Tyre chip is to be used to provide drainage on unpaved Prince Edward Island roads that turn muddy when wet.
Handy Use for Tyre Chip on Prince Edward Island Roads, Although Debate as to Which Size is Suitable
A similar project was carried out about 10 years ago when the Canadian province used chipped tyres on roads, but Stephen Yeo, chief engineer for the Department of Transportation, says those 20-25 centimetre chunks were too big to be effective.
This time, the pieces are smaller, about five centimetres, which he says should work better.
“We’ll put a foot thick of the shredded tyres down and sandstone over the top and see how they perform,” he said.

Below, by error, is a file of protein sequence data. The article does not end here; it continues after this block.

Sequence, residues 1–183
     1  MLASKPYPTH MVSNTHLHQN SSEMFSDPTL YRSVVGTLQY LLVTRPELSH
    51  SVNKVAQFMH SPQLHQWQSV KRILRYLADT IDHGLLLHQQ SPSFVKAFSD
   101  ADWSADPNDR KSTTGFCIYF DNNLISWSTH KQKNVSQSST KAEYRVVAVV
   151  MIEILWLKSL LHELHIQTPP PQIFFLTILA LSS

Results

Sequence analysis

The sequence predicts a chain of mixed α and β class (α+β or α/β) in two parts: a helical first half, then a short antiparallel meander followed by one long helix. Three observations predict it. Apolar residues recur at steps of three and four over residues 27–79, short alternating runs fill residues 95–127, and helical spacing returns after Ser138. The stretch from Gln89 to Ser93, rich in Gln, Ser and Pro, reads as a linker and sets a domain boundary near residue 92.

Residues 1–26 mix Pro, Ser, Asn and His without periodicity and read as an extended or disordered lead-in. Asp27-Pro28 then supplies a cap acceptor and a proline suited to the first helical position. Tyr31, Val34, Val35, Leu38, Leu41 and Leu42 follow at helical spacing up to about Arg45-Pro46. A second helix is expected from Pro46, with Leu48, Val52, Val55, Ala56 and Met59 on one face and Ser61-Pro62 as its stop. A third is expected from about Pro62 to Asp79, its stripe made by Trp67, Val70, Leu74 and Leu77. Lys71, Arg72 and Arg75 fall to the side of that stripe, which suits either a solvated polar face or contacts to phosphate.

“It should create a good drainage system in the roadbed itself for getting rid of moisture - if it works, that’ll be a bonus for recycling these tyres.”
Transportation Department engineer Stephen Yeo says the tyres should help roads to dry up quicker, moving water to the ditches instead of pooling on roadways.
“If this works out, and dries up the road a lot quicker, and you’re able to maintain traffic on it better, we’d certainly look at doing this to a number of roads every year,” he said.
If successful, the tyres could be used in place of “expensive gravel” from the mainland, Yeo said. It will also mean fewer tyres to be trucked off the Island or thrown in the waste.
The Department of Environment has been consulted, Yeo said, and concluded that there are no environmental concerns.